High genetic diversity in an invasive freshwater fish species, Carassius gibelio, suggests establishment success at the frontier between native and invasive ranges


ZOOLOGISCHER ANZEIGER, vol.283, pp.192-200, 2019 (Journal Indexed in SCI) identifier identifier

  • Publication Type: Article / Article
  • Volume: 283
  • Publication Date: 2019
  • Doi Number: 10.1016/j.jcz.2019.10.002
  • Title of Journal : ZOOLOGISCHER ANZEIGER
  • Page Numbers: pp.192-200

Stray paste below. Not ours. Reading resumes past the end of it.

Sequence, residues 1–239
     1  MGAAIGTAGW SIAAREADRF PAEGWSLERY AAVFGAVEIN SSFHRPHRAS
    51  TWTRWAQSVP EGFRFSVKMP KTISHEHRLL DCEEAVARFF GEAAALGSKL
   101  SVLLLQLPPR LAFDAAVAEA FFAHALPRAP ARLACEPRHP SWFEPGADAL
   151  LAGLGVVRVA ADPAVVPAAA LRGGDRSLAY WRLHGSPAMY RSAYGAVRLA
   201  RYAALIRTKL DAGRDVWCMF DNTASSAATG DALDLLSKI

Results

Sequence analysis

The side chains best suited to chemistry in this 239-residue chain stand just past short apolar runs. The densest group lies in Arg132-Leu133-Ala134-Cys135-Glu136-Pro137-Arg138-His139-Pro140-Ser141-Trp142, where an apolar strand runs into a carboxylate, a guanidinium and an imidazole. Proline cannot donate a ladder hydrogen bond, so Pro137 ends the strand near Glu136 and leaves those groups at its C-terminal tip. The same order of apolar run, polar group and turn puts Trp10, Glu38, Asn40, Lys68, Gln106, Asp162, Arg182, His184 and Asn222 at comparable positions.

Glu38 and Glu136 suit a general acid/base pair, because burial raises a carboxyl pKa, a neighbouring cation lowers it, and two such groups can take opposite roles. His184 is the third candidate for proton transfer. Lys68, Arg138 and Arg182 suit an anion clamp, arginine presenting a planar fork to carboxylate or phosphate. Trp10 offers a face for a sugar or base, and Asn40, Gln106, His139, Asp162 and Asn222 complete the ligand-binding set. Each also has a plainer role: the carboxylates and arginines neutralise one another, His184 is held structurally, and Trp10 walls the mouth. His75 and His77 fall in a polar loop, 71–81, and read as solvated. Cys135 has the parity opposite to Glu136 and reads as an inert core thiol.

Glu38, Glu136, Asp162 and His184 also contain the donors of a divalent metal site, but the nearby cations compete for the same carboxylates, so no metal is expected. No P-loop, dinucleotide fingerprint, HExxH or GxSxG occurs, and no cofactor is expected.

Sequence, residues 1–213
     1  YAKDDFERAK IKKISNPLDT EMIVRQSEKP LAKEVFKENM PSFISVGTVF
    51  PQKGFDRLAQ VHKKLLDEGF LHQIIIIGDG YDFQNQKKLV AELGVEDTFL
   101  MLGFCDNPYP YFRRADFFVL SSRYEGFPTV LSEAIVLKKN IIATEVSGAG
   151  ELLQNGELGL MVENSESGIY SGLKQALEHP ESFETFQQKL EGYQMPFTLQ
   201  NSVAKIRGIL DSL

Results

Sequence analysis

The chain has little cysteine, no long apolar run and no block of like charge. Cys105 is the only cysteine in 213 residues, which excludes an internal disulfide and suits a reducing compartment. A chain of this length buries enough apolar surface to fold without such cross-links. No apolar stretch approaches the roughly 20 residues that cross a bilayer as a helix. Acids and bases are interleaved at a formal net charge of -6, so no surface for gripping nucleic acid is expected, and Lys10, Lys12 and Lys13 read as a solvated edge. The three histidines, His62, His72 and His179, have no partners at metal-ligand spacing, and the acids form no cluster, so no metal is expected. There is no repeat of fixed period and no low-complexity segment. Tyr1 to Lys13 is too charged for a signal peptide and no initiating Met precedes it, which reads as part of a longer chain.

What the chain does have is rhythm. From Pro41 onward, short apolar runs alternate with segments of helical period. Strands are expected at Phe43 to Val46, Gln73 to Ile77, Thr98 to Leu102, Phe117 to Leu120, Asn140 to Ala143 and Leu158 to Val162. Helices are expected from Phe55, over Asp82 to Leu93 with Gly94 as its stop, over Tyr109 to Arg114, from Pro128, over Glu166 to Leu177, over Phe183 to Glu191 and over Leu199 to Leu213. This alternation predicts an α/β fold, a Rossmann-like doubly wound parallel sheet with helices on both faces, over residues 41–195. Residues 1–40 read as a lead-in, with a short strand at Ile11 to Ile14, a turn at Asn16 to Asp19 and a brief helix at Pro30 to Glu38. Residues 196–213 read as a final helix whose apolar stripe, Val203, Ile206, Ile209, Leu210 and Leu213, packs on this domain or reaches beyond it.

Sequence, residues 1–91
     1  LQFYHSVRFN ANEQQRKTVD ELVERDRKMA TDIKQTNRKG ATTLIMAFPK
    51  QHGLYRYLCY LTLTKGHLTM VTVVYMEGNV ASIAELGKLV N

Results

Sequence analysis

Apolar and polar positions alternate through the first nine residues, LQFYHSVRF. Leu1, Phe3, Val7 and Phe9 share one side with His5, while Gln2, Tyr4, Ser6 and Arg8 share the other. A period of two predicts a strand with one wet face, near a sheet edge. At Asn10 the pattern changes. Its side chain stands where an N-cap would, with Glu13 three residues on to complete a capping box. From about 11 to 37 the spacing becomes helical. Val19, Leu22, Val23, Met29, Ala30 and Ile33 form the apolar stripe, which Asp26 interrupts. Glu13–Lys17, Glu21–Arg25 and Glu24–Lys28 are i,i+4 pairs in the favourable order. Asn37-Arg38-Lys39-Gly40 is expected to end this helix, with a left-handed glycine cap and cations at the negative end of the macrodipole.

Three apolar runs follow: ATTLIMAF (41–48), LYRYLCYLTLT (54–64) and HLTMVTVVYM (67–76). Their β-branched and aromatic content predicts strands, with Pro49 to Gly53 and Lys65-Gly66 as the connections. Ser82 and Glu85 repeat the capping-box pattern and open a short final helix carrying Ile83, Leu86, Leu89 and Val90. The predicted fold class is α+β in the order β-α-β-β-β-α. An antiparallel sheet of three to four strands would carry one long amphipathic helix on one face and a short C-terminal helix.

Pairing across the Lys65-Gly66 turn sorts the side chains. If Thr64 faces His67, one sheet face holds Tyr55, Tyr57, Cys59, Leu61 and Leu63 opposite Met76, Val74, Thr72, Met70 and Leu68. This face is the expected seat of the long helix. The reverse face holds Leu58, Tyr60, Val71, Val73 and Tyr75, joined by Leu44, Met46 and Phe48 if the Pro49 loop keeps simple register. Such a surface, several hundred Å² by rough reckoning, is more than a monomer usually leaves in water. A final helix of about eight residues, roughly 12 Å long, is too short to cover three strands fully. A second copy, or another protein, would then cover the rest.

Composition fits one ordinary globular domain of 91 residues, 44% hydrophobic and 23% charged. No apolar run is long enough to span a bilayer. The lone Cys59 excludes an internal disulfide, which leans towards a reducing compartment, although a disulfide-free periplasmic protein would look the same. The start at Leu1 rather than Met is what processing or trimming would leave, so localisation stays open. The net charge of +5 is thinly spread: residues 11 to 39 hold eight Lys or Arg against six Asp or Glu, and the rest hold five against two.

Non-native freshwater fish introductions can have direct and indirect negative effects on native flora and fauna, ecosystems, and national economies. Although invasions are paradoxical from an evolutionary standpoint, population genetics could be useful to understand invasion scenarios of non-native species. One of the most common introduced fish in Europe and Turkey is the gibel carp Carassius gibelio, which was first introduced from East Asia in the 17th century. To find out the origin and distribution pattern and characterise the genetic variation of gibel carp in Turkey, the aim of this study was to identify haplotype the species' diversity and distribution in the country. Three mitochondrial (COI, Cyt-b and D-loop) and one nuclear (ITS1) DNA markers were used in 20 populations sampled from 18 different geographic locations, resulting in eight newly-identified haplotypes. The present results: (i) suggest high genetic diversity across regions at both the mitochondrial (29 haplotypes, h = 0.9058, pi = 0.0152) and nuclear (3 haplotypes, h = 0.6365, pi = 0.0094) level; (ii) confirm previous findings that this species may have entered Turkey directly either from its native or through its invasive range; (iii) suggest that, given the distribution of the identified haplotypes by geographic location, the majority of individuals not only originated from the northern (European) part of Turkey but also from the southern (Mediterranean) part of the country. Understanding the genetic characterisation of gibel carp can contribute to more efficient management actions for this species, including prevention of (multiple) introductions and eradication/control of those populations with relatively low genetic diversity. (C) 2019 Elsevier GmbH. All rights reserved.